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A public visitation day was recently held in Tokyo, the capital of Japan.

But despite a packed program, from family visitors to playgrounds and snacks, not many people stopped by the Self-Defense Forces (GSDF) recruitment booth.

One of the two soldiers on duty at the site, pointing to brochures on a table next to a green armored vehicle, said, "This is the truth... The festival is always packed, but no one comes (to our booth)," he sighed.

Japan's government has decided to dramatically increase defense spending over the next five years, alarmed by China's growing military power and North Korea's missile tests.

But a report by a panel of experts in July found that the risk of the armed forces being weakened by personnel shortages was "extremely high".

Although figures vary from year to year, since 1990 the strength of the Self-Defense Forces (Japan's military) has fallen by over 7 percent to less than 230,000.

Last year (2022), enlistment remained below 4,000, not even reaching half of the target. Japan last reached its recruitment target in 2013.

"I was ashamed to say I was a soldier"
Many developed economies are having trouble recruiting enough people. This is especially the case in Japan, where 1 in 10 people are aged 80 and over.


But demographics are not the only culprit, according to current and former soldiers.

"I was ashamed to say I was in the Self-Defense Forces, it didn't make me proud," said Yuichi Kimura, a 45-year-old former paratrooper who now runs a firm that helps ex-servicemen get civilian jobs.

He says morale is "low" because of "low pay" and a "lack of ambition" in the armed forces, whose role since World War II has been purely defensive in line with Japan's "pacifist" constitution.

Many people in the country join the military to help the public during natural disasters, but find themselves performing military duties.

According to soldiers who have left the army, this leaves them "terrified".

"Most of the soldiers never thought about national defense (when they joined the army)," says Kohei Kondo, 25, a former sergeant.

The Defense Ministry insists on recruiting only suitable candidates. But according to media reports, standards, including psychological tests, have now dropped considerably.

In one incident in June, two men were killed at a training ground by a newly recruited soldier.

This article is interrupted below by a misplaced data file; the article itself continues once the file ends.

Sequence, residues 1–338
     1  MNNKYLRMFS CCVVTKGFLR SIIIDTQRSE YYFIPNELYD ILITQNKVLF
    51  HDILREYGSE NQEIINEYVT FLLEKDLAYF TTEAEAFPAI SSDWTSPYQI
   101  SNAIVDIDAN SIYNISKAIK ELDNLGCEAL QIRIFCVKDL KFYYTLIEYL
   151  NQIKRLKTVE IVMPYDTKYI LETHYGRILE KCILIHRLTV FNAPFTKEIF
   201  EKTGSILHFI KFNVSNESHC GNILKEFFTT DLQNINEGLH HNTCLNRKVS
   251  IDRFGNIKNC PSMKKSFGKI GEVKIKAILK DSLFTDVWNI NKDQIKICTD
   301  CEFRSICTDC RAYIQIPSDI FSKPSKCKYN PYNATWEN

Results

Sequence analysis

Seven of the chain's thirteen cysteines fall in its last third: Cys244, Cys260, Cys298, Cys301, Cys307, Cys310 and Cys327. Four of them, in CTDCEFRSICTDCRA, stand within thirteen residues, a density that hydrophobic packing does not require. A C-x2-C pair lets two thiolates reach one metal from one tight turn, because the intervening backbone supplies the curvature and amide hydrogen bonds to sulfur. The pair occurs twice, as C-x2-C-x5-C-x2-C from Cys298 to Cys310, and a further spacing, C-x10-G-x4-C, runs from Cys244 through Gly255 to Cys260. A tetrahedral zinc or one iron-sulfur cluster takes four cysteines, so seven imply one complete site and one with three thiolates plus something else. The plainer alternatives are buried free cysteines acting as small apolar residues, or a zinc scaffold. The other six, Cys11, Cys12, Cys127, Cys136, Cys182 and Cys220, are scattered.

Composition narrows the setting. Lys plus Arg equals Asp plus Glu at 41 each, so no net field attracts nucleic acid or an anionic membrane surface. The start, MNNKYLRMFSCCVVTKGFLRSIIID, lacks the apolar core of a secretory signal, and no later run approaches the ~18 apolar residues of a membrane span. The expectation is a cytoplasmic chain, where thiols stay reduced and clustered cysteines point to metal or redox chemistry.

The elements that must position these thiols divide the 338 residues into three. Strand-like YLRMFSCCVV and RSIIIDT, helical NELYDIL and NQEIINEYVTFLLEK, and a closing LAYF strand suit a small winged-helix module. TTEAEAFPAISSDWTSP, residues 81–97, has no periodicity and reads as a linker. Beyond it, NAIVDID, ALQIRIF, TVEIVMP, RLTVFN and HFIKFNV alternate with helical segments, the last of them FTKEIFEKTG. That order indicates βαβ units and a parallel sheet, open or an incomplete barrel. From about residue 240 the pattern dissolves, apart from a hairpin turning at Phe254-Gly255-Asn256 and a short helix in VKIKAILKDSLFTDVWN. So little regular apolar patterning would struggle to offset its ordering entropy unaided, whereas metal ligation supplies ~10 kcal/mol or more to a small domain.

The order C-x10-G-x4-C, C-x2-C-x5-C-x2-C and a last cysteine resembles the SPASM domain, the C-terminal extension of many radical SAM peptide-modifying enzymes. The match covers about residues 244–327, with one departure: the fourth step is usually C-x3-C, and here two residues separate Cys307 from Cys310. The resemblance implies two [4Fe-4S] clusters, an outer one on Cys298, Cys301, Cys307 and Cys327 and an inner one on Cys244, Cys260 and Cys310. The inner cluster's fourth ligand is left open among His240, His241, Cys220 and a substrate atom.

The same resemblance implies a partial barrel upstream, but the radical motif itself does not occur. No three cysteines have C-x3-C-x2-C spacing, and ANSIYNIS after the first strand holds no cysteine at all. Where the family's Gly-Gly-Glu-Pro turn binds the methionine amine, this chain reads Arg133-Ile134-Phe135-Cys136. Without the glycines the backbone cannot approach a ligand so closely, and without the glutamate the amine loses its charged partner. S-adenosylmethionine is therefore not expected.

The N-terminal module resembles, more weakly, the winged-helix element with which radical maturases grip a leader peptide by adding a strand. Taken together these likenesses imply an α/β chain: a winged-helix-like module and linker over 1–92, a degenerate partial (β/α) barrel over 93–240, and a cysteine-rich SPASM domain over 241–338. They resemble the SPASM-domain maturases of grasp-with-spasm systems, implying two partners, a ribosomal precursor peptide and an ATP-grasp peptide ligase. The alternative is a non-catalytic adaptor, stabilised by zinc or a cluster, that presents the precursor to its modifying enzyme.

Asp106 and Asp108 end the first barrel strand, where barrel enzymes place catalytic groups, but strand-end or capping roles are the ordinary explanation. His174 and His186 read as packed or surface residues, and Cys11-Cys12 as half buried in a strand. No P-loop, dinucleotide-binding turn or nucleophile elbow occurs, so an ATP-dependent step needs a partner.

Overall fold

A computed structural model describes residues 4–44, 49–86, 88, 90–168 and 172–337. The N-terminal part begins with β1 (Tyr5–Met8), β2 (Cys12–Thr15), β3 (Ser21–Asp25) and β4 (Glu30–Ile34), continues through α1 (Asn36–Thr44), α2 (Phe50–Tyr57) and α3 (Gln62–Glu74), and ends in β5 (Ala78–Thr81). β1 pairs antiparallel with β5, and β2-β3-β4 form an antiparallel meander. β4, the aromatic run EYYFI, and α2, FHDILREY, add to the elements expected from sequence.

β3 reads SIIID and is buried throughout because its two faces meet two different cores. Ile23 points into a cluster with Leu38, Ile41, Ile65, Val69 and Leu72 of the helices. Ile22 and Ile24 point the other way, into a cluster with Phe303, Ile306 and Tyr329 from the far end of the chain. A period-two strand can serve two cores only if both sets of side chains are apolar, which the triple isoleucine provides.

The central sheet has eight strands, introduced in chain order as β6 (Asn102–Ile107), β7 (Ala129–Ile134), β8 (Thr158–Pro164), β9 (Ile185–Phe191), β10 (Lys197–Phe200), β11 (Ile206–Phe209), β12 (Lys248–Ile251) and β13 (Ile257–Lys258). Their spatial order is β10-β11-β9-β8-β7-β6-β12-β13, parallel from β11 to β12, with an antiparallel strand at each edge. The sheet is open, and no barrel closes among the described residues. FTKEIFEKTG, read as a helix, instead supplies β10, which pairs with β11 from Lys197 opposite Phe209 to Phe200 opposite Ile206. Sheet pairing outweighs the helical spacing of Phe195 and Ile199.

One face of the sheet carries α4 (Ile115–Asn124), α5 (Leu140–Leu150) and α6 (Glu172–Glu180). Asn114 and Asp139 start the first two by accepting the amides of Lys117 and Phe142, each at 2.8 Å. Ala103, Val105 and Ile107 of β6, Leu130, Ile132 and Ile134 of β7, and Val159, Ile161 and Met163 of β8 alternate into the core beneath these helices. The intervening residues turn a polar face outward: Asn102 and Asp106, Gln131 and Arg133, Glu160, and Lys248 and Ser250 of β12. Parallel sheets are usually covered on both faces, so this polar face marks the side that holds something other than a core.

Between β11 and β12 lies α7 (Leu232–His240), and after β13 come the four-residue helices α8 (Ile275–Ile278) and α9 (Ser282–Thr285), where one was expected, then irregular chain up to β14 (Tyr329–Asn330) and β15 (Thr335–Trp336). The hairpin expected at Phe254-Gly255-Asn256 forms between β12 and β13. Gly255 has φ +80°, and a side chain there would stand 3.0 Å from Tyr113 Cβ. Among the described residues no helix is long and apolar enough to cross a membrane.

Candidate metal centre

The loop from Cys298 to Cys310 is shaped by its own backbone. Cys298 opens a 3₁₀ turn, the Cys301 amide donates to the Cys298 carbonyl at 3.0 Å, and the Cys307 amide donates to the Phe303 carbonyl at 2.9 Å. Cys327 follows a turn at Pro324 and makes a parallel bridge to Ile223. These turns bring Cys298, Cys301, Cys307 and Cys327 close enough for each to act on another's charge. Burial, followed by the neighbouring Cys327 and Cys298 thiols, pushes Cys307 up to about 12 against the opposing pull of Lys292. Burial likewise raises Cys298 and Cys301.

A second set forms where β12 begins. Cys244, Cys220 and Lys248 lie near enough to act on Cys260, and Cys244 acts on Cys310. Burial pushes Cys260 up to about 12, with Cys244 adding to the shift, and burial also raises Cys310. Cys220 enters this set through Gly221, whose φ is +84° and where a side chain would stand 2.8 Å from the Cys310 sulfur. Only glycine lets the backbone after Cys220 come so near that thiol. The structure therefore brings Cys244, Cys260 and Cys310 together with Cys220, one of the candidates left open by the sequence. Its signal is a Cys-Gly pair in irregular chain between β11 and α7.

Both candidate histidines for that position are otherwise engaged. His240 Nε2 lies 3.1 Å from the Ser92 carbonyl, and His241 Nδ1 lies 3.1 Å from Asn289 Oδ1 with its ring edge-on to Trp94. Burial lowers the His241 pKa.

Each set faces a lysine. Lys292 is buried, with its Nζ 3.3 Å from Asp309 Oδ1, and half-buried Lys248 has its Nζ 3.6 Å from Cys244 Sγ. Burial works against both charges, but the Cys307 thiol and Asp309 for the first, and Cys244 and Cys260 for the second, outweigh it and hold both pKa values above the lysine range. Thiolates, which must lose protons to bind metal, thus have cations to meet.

Kimura, a former paratrooper, said Japan was "recruiting almost everyone because no one expected a real armed conflict."

Allegations of sexual harassment against female soldiers
Japan raised the age limit for new recruits from 26 to 32 in 2018 in an attempt to stem the decline in interest in joining the military.

Another solution, according to the July report, is to use more unmanned vehicles in the air, sea and land.

The GSDF is reportedly even considering allowing tattooed soldiers, traditionally associated with the yakuza.

Japan also aims to increase the proportion of female soldiers from the current 9 percent to 13 percent by 2030.

The Defense Ministry website, which features photos of smiling female soldiers, promises a "female-adapted environment."

But according to Fumika Sato, a professor of military sociology and gender sociology at Hitotsubashi University, there is a significant gap between the "reality on the ground" and what matters.

Sato claims that the GSDF is "an environment conducive to harassment and sexual violence".

Over the last year, the army has been rocked by revelations of sexual assaults within its ranks.

It began when former female soldier Rina Gonoi went public with allegations of sexual harassment that received national and international media attention.

Gonoi, a self-described "female ex-soldier waging war on sexual abuse", had waged a war against the institution because of the sexual abuse she was subjected to by other soldiers.

Her painful experience paved the way for dozens of other women to come forward and speak publicly about their experiences.

Although there is no concrete evidence of a direct link between the revelations of sexual harassment and the number of female soldiers, the number of female soldiers has fallen by 12 percent since March 2023.

"There were incidents in my company that could have the same effects," said Kodai Suzuki, 27, another former soldier.

"What kind of parents would allow their daughter to join such an organization?" asked a non-commissioned officer who requested anonymity.

Japan Self-Defense Forces
Article 9 of Japan's 1947 Constitution, drafted under US occupation after the Second World War, stated that the country would essentially become a pacifist nation and would never again establish "land, naval or air forces".

According to Article 9 of its Constitution, the country would also